Core-collapse supernovae, the powerful explosions triggered by the gravitational collapse of massive stars, play an important role in evolution of star-forming galaxies like our Milky Way. Not only do these explosions eject the outer envelope of the progenitor star with extremely high velocities, creating a supernova remnant (SNR), the rotational energy of the resultant neutron star powers an ultra-relativistic outflow called a pulsar wind which creates a pulsar wind nebula (PWN) as it expands into its surroundings. Despite almost a century of study, many fundamental questions remain, including: How is a neutron star formed during a core-collapse supernova? How are particles created in the neutron star magnetosphere? How are particles accelerated to the PeV energies inside PWNe? Answering these questions requires measuring the properties of the progenitor star and pulsar wind for a diverse collection of neutron stars. Currently, this is best done by studying those PWNe inside a SNR, since their evolution is very sensitive to the initial spin period of the neutron star, the mass and initial kinetic energy of the supernova ejecta, and the magnetization and particle spectrum of the pulsar wind - quantities critical for answering the above questions. To this end, we propose to measure these properties for 17 neutron stars whose spin-down inferred dipole surface magnetic field strengths and characteristic ages differ by 1.5 orders of magnitude by fitting the broadband spectral energy distribution (SED) and dynamical properties of their associated PWNe with a model for the dynamical and spectral evolution of a PWN inside SNR. To do so, we will first re-analyze all archival X-ray (e.g., XMM, Chandra, INTEGRAL, NuSTAR) and gamma-ray (e.g., Fermi-LAT Pass 8) data on each PWN to ensure consistent measurements of the volume-integrated properties (e.g., X-ray photon index and unabsorbed flux, GeV spectrum) needed for this analysis. Additionally, we will use a Markoff Chain Monte Carlo (MCMC) algorithm to search the entire parameter space - allowing us to both determine the statistical and systematic errors of the derived quantities and make testable predictions for future observations. The results of this investigation are relevant to many areas of astrophysics. Particle acceleration occurs in many magnetized relativistic outflows, from active galactic nuclei to gamma-ray bursts, and insight into the acceleration mechanism present in PWNe would be directly applicable to these systems. Additionally, our modeling with help us determine if PWNe are the origin of the anomalous population of GeV cosmic ray electrons and positrons often theorized to be the result of decaying dark matter. Lastly, PWNe are expected to be an important class of sources for next-generation observatories like ATHENA, the Square Kilometer Array, and the Cherenkov Telescope Array, and our modeling will provide valuable insight into what can and cannot be discovered using these telescopes. This work directly address NASA's strategic objective to advance understanding of the fundamental physics of the universe by studying the behavior of matter and energy in extreme environments.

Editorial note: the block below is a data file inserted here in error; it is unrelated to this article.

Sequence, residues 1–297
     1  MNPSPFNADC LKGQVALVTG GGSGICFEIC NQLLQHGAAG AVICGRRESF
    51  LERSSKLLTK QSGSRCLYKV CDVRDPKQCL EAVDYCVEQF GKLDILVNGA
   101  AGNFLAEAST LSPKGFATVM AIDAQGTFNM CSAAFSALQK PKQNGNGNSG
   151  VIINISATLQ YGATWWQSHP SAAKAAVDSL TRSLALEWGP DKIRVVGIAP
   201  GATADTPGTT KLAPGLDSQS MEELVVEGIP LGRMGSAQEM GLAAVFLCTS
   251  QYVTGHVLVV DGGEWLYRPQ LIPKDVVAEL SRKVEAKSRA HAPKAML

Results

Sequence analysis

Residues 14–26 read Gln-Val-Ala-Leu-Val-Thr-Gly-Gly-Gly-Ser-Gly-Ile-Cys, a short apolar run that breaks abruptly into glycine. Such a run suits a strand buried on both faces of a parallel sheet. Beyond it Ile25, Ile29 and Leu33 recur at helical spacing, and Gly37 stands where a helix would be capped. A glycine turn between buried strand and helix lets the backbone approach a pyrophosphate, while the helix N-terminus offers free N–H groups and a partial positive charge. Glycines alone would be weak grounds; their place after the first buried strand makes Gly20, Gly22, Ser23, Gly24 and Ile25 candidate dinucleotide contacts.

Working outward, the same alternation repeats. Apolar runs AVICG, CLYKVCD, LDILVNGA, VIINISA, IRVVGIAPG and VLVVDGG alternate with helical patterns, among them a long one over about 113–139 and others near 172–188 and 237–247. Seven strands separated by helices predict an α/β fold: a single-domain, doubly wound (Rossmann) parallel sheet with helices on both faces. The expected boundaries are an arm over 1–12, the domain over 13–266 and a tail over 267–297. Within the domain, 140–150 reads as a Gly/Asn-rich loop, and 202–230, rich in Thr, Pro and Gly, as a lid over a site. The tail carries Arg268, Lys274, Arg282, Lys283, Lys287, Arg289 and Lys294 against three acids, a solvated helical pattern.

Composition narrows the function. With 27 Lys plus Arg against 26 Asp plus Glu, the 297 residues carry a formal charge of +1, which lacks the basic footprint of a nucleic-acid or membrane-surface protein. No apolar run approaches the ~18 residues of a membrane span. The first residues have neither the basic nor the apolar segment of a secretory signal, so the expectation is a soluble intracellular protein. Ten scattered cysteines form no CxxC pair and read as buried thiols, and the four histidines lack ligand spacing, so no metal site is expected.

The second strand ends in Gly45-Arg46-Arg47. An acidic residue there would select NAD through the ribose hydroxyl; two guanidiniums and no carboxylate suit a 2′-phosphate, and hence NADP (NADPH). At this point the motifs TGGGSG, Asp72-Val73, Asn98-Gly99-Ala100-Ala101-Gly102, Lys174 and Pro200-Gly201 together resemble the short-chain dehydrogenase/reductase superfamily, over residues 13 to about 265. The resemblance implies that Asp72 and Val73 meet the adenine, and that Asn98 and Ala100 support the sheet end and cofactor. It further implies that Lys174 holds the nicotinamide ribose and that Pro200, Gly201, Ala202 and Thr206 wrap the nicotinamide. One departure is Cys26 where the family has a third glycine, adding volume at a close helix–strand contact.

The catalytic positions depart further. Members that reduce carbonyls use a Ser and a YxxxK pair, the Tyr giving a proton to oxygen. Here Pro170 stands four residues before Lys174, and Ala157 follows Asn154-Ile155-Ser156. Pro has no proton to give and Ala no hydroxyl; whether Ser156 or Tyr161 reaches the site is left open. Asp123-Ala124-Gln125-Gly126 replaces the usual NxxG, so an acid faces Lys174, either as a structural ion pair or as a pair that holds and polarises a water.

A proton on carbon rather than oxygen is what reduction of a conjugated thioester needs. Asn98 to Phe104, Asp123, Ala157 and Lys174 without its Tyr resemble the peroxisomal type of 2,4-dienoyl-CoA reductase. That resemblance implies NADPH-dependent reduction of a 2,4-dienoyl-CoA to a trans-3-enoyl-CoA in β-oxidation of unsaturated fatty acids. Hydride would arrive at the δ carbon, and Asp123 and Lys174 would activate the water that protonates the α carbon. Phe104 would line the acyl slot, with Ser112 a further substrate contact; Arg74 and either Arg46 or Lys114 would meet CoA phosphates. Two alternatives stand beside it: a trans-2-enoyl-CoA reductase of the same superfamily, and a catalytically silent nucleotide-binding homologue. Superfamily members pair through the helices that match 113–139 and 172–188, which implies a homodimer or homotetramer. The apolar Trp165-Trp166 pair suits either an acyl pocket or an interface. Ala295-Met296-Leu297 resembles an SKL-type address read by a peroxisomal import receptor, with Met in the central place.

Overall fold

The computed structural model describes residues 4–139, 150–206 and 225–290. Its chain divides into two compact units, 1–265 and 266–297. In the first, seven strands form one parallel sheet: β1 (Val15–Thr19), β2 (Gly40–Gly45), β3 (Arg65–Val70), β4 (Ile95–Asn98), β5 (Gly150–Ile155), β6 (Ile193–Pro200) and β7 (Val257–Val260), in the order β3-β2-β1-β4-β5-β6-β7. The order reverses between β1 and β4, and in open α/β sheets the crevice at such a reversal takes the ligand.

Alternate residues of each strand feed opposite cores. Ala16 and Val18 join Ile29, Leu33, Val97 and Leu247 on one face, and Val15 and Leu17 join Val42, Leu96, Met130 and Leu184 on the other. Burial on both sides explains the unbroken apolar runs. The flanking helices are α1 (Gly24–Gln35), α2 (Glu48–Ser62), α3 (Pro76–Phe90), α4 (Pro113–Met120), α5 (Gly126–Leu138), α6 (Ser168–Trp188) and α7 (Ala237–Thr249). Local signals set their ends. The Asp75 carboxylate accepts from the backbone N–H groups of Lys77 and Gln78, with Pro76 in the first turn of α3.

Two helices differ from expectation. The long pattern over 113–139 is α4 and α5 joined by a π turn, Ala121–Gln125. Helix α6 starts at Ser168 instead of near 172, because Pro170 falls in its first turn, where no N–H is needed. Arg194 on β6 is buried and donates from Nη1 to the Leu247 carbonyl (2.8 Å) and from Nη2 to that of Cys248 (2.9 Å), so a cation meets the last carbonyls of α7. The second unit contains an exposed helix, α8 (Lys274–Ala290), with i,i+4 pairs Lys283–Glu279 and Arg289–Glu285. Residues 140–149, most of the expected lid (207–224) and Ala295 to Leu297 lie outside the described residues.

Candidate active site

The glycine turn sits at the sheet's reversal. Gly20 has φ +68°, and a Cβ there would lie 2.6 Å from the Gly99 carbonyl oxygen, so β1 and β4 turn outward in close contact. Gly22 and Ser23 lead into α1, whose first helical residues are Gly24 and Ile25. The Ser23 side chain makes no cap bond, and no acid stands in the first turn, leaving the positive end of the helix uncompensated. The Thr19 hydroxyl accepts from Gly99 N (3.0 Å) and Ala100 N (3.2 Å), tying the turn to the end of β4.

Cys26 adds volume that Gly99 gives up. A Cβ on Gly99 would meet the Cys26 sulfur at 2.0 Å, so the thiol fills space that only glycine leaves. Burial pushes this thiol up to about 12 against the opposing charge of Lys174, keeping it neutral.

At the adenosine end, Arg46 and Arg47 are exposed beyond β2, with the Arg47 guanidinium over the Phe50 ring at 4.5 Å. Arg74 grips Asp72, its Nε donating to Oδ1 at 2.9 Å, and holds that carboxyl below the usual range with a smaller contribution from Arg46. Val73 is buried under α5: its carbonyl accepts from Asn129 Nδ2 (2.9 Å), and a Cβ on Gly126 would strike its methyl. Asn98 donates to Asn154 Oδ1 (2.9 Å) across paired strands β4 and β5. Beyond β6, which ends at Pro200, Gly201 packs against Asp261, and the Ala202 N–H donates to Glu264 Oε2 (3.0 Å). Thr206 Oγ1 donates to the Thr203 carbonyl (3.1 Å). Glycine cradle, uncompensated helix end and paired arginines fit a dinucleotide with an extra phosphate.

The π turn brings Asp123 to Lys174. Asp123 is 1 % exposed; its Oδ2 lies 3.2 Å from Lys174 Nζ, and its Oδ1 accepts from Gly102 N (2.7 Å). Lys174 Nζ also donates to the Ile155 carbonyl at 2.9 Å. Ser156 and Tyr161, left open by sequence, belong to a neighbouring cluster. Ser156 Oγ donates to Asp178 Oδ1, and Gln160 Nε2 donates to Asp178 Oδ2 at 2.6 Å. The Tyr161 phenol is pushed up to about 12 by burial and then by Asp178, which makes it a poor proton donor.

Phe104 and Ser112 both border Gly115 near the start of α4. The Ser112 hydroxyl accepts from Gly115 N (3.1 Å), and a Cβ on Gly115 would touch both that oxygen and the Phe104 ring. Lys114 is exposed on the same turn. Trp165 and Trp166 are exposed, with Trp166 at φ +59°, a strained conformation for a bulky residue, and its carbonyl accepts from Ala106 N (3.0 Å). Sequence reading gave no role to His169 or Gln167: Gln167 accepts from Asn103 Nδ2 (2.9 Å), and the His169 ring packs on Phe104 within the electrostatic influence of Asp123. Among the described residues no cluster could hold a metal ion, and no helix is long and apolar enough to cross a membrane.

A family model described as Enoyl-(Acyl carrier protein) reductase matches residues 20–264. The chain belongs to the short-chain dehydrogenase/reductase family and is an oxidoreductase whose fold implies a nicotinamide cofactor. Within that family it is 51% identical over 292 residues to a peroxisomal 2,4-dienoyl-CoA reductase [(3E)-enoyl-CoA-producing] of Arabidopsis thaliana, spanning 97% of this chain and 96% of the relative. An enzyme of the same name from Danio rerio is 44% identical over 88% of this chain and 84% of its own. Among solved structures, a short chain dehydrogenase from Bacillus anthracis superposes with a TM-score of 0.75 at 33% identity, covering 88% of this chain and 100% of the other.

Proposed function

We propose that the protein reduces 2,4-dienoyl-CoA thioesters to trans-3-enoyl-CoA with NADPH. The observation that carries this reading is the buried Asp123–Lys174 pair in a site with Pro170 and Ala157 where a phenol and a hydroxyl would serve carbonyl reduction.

|NASA Proposal id.16-ADAP16-95
|Published - 2016